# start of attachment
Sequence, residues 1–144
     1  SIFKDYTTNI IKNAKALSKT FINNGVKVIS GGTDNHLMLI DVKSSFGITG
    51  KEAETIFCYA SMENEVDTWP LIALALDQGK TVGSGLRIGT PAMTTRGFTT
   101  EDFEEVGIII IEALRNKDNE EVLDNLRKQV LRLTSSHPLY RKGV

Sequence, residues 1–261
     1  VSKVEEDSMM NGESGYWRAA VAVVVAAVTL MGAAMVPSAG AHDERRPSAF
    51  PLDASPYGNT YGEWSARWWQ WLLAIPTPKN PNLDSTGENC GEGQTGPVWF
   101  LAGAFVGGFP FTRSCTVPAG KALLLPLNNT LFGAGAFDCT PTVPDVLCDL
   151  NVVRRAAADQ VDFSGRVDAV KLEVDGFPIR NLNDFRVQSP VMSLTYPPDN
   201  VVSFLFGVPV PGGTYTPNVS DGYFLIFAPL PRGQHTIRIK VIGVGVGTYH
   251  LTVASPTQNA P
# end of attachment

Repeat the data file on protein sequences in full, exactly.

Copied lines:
Sequence, residues 1–144
     1  SIFKDYTTNI IKNAKALSKT FINNGVKVIS GGTDNHLMLI DVKSSFGITG
    51  KEAETIFCYA SMENEVDTWP LIALALDQGK TVGSGLRIGT PAMTTRGFTT
   101  EDFEEVGIII IEALRNKDNE EVLDNLRKQV LRLTSSHPLY RKGV

Sequence, residues 1–261
     1  VSKVEEDSMM NGESGYWRAA VAVVVAAVTL MGAAMVPSAG AHDERRPSAF
    51  PLDASPYGNT YGEWSARWWQ WLLAIPTPKN PNLDSTGENC GEGQTGPVWF
   101  LAGAFVGGFP FTRSCTVPAG KALLLPLNNT LFGAGAFDCT PTVPDVLCDL
   151  NVVRRAAADQ VDFSGRVDAV KLEVDGFPIR NLNDFRVQSP VMSLTYPPDN
   201  VVSFLFGVPV PGGTYTPNVS DGYFLIFAPL PRGQHTIRIK VIGVGVGTYH
   251  LTVASPTQNA P